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Book details
  • Genre:MEDICAL
  • SubGenre:Infectious Diseases
  • Language:English
  • Pages:381
  • eBook ISBN:9788299847810

Parasites of Health

On the Pathophysiology and Communication of Non-Communicable Diseases

by Torgeir Landvik

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The book explains the highly probable biomedical aetiology of non-communicable diseases.
Parasites of Health revives Louis Pasteur’s “germ theory of disease” and contends that taeniid and Toxocara larval tissue infections are the actual causes of so-called non-communicable diseases—including psychiatric diseases. These diseases may develop when humans accidentally ingest infectious taeniid and Toxocara helminth eggs from adult helminths that inhabit the intestine of canids and felines such as dogs and cats. The book presents a pathophysiological model of taeniid and Toxocara larval tissue infections that explains how diseases may result from the larvae’s exploitation and manipulation of the immune system and the hormonal environment, from their acidic fermentation products, from their excretory/secretory products, and from mechanical space occupation. The larvae may also act as a vector for gluten protein and poliovirus from the intestine to the tissues of the body. Furthermore, disturbances of the immune system by these and other helminth infections may also cause an increased burden of disease from viral, bacterial, and protozoan co-infections such as HIV, respiratory syncytial virus, Epstein Barr virus, cytomegalovirus, Ebola virus, tuberculosis, malaria, and toxoplasmosis. “The handle of the Broad Street pump” of so-called non-communicable diseases is the transmission of infectious taeniid and Toxocara eggs to humans by contaminated drinking water, food, and fingers. Hence, drinking water should be filtered, food should be boiled or fried, and dogs and cats should be replaced by teddy bears as comforters for children. Torgeir Landvik is a family physician who has been working as a clinical doctor and chief municipal medical officer for 34 years in Enebakk, a rural municipality outside Oslo in Norway. Driven by curiosity and an urge to alleviate the suffering of the patients with the least prestigious diseases, he has endeavoured to rule out the biomedical aetiology of medically unexplained symptoms, illnesses, and diseases.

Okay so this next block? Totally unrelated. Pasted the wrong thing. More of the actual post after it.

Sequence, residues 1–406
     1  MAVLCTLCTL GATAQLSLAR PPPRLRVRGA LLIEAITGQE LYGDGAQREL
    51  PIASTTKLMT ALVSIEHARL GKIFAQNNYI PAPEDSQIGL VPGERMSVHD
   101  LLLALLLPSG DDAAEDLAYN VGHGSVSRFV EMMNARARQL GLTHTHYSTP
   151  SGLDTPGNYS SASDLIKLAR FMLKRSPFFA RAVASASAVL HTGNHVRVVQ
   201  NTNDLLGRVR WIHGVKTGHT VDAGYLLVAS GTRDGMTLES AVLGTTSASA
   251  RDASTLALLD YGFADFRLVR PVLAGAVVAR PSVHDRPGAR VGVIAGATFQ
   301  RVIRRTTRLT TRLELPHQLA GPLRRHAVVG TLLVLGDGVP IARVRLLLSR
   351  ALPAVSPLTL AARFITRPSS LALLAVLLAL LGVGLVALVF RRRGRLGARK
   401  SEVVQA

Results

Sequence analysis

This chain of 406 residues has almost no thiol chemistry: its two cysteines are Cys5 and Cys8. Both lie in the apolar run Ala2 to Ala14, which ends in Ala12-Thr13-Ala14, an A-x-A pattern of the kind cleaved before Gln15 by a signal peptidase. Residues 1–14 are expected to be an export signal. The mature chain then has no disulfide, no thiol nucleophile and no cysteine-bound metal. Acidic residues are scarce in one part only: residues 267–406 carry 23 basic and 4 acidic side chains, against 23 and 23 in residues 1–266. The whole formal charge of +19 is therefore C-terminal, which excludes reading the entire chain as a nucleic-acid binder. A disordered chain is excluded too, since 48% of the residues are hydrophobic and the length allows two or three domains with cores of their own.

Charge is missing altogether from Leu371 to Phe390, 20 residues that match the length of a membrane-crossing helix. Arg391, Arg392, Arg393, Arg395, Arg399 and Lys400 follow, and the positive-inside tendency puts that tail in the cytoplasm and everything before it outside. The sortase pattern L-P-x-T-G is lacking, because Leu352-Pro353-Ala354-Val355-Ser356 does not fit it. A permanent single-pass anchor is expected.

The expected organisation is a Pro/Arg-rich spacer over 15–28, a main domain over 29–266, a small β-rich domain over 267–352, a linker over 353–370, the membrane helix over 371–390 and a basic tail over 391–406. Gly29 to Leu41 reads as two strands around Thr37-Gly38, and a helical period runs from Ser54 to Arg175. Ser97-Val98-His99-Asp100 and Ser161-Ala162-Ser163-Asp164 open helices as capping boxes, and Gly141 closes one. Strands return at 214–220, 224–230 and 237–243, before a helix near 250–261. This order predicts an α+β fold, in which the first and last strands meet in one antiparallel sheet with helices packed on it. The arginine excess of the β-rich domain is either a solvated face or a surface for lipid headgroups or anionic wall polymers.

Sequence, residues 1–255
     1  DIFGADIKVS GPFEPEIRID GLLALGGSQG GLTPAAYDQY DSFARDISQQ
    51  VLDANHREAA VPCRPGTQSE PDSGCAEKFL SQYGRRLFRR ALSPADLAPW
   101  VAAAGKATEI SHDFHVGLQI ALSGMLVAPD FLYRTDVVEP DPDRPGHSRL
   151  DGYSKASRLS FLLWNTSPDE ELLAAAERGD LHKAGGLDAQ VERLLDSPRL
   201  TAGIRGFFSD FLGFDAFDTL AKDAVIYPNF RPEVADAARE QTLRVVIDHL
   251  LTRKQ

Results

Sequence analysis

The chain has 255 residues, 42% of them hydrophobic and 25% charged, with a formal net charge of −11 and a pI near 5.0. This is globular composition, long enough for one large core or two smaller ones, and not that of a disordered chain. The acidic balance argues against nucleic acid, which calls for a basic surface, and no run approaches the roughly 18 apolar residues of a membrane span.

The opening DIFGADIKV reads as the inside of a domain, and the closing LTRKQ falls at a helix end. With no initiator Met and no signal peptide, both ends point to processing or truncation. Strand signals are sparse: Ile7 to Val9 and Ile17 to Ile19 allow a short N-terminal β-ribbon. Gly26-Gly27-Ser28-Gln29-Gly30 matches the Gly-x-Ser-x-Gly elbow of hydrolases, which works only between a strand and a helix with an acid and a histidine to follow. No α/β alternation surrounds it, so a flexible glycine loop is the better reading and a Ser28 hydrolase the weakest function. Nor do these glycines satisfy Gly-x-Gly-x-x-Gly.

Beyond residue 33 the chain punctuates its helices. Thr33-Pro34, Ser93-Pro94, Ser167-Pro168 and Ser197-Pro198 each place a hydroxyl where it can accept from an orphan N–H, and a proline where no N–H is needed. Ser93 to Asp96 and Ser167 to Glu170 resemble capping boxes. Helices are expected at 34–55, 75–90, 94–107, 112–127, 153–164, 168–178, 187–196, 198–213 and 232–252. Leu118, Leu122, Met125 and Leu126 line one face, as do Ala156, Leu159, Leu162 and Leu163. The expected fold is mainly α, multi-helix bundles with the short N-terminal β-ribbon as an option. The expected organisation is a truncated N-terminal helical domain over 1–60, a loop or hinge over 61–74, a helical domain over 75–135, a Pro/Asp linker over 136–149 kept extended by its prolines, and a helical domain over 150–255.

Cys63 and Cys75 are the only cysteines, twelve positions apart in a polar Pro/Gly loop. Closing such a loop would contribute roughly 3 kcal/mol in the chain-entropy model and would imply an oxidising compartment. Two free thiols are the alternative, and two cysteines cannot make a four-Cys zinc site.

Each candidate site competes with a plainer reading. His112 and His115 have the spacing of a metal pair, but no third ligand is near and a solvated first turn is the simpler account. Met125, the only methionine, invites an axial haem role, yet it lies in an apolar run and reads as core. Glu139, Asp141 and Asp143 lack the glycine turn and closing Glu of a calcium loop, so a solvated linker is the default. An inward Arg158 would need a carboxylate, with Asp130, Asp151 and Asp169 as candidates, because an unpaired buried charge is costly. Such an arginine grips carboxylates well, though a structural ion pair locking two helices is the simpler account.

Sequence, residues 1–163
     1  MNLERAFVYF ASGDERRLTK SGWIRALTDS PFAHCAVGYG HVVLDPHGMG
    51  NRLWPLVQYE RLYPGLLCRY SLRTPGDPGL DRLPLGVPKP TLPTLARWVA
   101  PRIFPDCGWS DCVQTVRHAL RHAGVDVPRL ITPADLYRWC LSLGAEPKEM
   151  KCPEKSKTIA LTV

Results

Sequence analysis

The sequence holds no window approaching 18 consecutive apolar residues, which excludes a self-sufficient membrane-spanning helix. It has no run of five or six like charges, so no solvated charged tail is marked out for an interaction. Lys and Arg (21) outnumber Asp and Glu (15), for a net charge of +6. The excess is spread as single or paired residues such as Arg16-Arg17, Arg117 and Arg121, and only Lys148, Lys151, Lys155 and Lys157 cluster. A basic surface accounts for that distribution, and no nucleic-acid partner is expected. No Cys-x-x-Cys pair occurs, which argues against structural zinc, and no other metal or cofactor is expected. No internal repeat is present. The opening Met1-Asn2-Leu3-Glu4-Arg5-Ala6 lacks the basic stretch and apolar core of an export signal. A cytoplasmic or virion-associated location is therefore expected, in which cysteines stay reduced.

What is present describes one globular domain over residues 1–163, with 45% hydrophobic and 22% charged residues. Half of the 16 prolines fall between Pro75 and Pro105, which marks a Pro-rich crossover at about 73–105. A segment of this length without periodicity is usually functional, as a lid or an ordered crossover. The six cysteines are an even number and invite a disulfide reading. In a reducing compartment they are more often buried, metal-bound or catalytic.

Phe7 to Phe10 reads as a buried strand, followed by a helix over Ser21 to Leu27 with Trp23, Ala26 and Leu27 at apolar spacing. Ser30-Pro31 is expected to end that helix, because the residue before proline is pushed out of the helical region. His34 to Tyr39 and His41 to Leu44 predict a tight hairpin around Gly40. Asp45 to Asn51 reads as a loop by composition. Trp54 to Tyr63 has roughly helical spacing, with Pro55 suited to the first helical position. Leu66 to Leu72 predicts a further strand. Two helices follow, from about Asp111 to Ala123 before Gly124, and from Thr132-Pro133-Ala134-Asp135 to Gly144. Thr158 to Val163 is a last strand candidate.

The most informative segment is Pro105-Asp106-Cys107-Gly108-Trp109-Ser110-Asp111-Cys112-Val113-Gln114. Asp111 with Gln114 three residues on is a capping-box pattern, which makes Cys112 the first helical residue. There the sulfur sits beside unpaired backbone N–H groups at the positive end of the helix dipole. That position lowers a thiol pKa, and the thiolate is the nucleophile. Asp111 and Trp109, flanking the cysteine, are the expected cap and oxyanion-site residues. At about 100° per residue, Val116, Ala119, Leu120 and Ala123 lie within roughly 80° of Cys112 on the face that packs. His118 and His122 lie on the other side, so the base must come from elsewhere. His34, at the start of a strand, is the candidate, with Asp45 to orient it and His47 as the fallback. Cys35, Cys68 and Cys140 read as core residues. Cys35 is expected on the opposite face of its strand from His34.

About the author
Family physician and chief municipal medical officer in Enebakk, Norway since 1979.